Manage episode 294967512 series 2530089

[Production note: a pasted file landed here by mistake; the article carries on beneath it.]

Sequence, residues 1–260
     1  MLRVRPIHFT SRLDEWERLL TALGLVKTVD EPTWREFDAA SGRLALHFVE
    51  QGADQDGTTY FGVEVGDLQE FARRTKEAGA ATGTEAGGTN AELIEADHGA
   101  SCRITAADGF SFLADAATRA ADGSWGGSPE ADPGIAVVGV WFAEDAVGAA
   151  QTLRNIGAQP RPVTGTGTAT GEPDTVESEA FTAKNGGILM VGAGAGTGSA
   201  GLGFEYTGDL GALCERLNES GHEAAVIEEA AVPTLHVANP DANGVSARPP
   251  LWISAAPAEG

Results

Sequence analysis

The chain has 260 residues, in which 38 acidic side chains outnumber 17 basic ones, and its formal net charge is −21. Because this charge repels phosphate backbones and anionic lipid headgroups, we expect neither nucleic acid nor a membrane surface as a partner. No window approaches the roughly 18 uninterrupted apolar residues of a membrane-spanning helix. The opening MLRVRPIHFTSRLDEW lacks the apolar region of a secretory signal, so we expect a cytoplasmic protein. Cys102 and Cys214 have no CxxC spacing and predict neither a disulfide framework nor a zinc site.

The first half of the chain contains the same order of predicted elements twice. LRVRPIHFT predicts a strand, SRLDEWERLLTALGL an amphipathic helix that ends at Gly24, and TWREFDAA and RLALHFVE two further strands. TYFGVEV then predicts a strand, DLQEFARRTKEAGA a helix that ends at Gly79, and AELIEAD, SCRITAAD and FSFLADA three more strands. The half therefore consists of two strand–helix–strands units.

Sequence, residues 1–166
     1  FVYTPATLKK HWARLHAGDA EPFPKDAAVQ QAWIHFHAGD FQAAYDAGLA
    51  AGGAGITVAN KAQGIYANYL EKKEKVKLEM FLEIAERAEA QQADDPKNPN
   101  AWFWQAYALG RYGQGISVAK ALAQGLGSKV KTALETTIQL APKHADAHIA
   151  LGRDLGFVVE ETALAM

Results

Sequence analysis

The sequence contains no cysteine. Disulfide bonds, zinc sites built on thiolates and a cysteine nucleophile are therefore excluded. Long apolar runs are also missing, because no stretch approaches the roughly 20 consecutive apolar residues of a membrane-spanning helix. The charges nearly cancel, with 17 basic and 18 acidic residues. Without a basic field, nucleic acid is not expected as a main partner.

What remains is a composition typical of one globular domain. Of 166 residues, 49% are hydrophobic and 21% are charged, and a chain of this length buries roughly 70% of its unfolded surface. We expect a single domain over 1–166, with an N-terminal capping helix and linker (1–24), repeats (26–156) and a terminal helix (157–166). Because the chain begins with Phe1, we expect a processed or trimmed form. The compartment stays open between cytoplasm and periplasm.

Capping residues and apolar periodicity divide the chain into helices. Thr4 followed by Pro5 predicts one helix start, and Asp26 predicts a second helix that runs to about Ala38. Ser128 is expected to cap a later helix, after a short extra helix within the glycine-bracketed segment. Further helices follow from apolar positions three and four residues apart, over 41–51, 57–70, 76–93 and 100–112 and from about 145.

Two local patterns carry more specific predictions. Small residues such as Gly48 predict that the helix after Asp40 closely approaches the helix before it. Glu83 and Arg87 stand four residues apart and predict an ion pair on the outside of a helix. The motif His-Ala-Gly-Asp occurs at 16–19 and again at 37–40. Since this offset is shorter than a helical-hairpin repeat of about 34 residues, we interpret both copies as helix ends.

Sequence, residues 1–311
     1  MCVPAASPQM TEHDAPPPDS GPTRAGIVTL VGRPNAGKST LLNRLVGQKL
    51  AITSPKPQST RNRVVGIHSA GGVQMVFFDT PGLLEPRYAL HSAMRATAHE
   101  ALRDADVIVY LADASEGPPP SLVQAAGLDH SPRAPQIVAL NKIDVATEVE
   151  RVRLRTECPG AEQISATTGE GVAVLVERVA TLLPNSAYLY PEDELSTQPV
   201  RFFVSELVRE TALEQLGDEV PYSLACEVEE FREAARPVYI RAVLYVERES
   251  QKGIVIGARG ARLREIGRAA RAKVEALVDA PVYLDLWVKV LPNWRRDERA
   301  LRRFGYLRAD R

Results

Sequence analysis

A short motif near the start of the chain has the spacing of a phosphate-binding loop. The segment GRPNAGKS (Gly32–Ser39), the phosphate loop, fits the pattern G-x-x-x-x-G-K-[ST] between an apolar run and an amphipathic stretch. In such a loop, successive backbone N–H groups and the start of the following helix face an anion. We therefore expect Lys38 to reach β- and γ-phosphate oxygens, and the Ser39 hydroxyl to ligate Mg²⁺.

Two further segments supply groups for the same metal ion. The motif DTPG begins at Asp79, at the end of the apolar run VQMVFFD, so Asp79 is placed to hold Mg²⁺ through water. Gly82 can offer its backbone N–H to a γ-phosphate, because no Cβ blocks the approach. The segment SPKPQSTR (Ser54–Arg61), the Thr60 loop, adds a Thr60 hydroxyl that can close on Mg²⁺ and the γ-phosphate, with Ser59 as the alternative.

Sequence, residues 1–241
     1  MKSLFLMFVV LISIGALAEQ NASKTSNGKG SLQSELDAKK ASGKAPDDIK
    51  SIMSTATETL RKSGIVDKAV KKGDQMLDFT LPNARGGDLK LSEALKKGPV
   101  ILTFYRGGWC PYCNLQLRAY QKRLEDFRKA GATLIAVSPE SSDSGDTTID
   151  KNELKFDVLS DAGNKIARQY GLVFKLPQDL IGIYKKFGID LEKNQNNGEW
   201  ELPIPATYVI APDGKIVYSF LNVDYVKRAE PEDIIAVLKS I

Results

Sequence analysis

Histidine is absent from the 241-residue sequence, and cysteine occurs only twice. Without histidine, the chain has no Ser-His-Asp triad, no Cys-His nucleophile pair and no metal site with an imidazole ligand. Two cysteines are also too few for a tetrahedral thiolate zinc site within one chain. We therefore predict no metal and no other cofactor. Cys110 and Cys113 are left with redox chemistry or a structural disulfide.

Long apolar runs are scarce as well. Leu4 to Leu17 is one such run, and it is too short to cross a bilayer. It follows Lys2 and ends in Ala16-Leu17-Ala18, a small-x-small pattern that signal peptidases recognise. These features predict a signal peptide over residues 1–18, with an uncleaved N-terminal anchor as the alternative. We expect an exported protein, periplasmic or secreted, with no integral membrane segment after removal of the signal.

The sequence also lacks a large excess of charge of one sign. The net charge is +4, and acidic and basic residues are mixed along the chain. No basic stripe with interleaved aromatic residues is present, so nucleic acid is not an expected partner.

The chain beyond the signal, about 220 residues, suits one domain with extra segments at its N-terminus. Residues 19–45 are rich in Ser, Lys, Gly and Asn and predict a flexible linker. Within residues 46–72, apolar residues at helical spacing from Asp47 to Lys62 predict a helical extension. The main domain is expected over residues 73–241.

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UK researchers say they have found an answer to the mystery of Stonehenge The prehistoric standing stones at Stonehenge draw people from around the world to southwest England. But why was the monument built? Archaeologists now think they have an answer. Researchers at University College London already know that some of the stones came from an even older stone circle in Wales. Now they say the stones may have been dismantled and rebuilt hundreds of years later on Salisbury Plain. The researchers say both stone circles are very similar. They have the same diameter, 110 meters. And one of the bluestones at Stonehenge fits one of the holes found at the Welsh circle. Lead researcher Parker Pearson said the stones may have been moved as people living in Wales migrated. “Maybe most of the people migrated, taking their stones — their ancestral identities — with them,” he told the BBC. (Reuters) Shell horn plays a tune after 18,000 years A large conch shell overlooked in a museum for decades is now thought to be the oldest known seashell instrument — and it still works, producing a deep, plaintive bleat, like a foghorn from the distant past. The shell was found during the 1931 excavation of a cave with prehistoric wall paintings in the French Pyrenees and assumed to be a ceremonial drinking cup. Archaeologists from the University of Toulouse recently took a fresh look and determined it had been modified thousands of years ago to serve as a wind instrument. The researchers estimate it to be around 18,000 years old. Their findings were published Feb. 10 in the journal Science Advances. (AP) These articles were provided by The Japan Times Alpha.